What can coaches learn from the business world

written by Erica Quam

The C-Suite is made up of the CEO's, CFO's, COO's...and all the other chief...<fill-in-the blank>...officers.  It may sound like a bunch of mumbo jumbo business jargon to people within athletics. These worlds SEEM so different. However, there are some well-established practices in the business world that athletics could use & adopt.  Just look at a these 5 things - from two successful companies: Google & Zappos - who have implemented these systems and practices to create a great team culture. 


1.  Exchange feedback regularly

Instead of saving a performance review until the very end of the season, take the time to give and receive more regular feedback within your coaching staff - say every 4 to 6 weeks. If you have set this intention, schedule it, and implement a structure for these brief meetings to take place, it makes feedback (both good and bad) easier for everyone. Plus there's more transparency, better communication, and usually keeps people more accountable (and thus more motivated). 

2.  Support the growth and dreams of your staff

I believe that continual growth is necessary for the human spirit to regularly experience joy in the workplace - even (and especially) as a coach.  Make room to focus on what you enjoy most and find out what that would look like for your other coaches.  Support their dreams, and they will grow your team.  Sure - there are always tasks that are "have to's" - but see how can you divide those up & fully utilize all of your resources - so that each person on your staff can spend more time & energy on their "genius work".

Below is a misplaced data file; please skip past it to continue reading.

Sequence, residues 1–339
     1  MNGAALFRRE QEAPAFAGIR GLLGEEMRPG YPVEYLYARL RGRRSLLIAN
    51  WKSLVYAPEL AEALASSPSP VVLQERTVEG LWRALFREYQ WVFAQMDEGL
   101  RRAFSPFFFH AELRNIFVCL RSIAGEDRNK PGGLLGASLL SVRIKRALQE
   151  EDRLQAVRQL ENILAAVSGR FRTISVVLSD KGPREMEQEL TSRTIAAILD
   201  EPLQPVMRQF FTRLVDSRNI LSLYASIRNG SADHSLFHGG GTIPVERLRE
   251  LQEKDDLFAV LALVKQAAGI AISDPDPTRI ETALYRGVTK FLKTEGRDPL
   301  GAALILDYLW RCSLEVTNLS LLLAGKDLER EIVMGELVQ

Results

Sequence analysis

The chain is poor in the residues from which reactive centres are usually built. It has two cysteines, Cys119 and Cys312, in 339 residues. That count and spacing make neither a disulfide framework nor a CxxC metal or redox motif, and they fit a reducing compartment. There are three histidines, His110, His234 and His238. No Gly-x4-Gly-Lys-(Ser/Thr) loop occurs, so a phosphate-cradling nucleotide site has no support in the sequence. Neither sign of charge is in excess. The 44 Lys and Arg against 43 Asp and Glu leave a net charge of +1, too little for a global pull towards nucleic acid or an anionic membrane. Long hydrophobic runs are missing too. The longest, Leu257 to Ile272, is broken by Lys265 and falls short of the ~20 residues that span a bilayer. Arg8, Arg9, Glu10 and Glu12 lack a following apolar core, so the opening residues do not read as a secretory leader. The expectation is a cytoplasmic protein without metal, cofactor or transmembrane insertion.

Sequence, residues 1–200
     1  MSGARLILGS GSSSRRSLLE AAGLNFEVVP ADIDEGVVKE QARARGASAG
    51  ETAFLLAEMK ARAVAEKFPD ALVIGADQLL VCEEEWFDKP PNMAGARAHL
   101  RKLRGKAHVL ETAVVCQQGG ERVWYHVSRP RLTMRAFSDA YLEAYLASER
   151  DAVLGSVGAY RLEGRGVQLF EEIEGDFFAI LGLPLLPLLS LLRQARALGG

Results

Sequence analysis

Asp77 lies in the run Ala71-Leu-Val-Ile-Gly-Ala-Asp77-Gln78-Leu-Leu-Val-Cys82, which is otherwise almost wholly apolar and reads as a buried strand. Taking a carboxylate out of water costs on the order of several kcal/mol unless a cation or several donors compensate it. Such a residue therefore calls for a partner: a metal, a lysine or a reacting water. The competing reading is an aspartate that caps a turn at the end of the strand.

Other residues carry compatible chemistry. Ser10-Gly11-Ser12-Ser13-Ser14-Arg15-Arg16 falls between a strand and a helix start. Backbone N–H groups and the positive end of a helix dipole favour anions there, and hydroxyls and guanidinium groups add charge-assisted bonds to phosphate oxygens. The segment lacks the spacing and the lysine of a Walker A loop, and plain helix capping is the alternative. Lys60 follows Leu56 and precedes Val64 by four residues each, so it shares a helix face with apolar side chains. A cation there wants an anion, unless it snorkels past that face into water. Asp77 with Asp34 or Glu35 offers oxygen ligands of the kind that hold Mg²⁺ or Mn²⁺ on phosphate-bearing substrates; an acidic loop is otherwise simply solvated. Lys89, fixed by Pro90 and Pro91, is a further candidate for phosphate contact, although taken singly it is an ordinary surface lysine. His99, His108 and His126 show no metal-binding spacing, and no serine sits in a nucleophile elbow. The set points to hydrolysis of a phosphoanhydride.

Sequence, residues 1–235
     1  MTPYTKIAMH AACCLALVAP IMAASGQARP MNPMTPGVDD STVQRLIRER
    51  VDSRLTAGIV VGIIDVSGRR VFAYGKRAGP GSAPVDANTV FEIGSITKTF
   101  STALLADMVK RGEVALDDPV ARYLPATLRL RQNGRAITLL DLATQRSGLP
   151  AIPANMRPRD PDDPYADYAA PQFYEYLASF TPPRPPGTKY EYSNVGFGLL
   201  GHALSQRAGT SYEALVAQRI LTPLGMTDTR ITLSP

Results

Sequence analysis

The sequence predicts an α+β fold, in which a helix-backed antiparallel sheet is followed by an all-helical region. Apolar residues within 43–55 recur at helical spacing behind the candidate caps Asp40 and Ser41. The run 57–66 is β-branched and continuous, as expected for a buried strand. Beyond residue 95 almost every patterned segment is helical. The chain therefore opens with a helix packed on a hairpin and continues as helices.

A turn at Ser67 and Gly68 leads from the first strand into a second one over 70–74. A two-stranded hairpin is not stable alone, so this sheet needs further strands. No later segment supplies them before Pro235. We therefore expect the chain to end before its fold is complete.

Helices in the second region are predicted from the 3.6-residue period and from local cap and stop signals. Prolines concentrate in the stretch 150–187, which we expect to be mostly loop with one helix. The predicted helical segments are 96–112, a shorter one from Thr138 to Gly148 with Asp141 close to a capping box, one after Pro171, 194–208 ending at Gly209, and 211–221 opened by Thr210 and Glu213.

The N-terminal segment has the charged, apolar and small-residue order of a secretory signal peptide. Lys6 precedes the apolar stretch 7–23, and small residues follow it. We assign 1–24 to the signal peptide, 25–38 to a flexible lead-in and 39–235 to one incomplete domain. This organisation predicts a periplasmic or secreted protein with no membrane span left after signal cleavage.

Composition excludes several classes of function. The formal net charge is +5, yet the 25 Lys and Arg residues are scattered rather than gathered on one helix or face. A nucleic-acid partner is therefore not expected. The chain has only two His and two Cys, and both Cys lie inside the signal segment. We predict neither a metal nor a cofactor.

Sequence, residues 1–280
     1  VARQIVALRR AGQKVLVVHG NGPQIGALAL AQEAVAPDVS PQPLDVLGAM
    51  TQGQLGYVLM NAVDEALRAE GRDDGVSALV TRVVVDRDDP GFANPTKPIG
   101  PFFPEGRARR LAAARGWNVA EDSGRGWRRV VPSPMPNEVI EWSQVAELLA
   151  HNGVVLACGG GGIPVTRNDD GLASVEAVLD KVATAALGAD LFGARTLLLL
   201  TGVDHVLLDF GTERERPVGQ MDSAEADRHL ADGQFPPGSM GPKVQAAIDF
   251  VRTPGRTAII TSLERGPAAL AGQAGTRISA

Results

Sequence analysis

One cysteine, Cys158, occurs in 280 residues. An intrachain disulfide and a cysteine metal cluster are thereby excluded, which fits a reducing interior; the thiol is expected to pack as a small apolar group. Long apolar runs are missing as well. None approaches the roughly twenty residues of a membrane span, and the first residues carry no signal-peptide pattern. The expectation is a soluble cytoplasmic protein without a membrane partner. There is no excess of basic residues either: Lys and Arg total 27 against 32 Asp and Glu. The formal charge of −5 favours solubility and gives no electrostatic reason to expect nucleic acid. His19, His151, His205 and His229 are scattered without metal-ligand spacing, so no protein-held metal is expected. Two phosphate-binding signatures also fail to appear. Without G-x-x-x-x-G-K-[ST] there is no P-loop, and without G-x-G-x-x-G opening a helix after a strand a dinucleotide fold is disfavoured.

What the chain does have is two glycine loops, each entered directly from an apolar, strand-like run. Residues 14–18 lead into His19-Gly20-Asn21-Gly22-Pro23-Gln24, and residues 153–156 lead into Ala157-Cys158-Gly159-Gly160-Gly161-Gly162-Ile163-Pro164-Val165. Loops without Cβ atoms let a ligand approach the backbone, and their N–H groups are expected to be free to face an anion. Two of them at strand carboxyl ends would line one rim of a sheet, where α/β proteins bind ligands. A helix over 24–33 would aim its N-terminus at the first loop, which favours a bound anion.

3.  Coaches Offsite.  

Companies do what they call "off-site" meetings and events to connect and collaborate away from the office.  Why don't more coaches do this?  There is a lot you can learn from getting out of your normal routine and away from your work environment - especially heading into a brand new season.  It can be simple and powerful for everyone to get on the same page as a unified team.

4.  Have a mission & live it

The characteristic that I swear by is living the mission every day. Oftentimes, people join your team because you are doing something different or you’re doing something the way no one has done it before.  How can you keep that vision during the ups and downs of the season and stay committed to living it everyday?  As a team, see if you can define that mission together.  Maybe this can be where you start with your first coaches offsite!

5.  Mastermind groups

People in the business world participate in "Mastermind Groups".  These groups help you "realign" yourself so you don't fall back into old mindsets, habits, ruts, and distractions. Masterminds meet regularly because it's so easy to get out of alignment. Structure brings you back around.  

There’s a caveat.  “You can’t rub a bunch of unfocused people together and get focus.”In other words, you want to be in a group that has the language, the awareness, and the training to be able to propel you forward with their accelerating wisdom. (Rather than slamming you with their limiting beliefs and doubts.)  This means that a great mastermind group also comes with training so that each person is aligning with a system or structure so that they can even BE a resource to you.  

My hope is that the world of athletics will tap into some of these common and accepted practices from the business world - so that more of these resources are much more accessible, available, & utilized by coaches.  And maybe as a result we can keep coaches in the game longer!

Has this article inspired you?  Please pass it along!  Do you have any insight or ah-ha's that you got from reading it?  Share 'em below!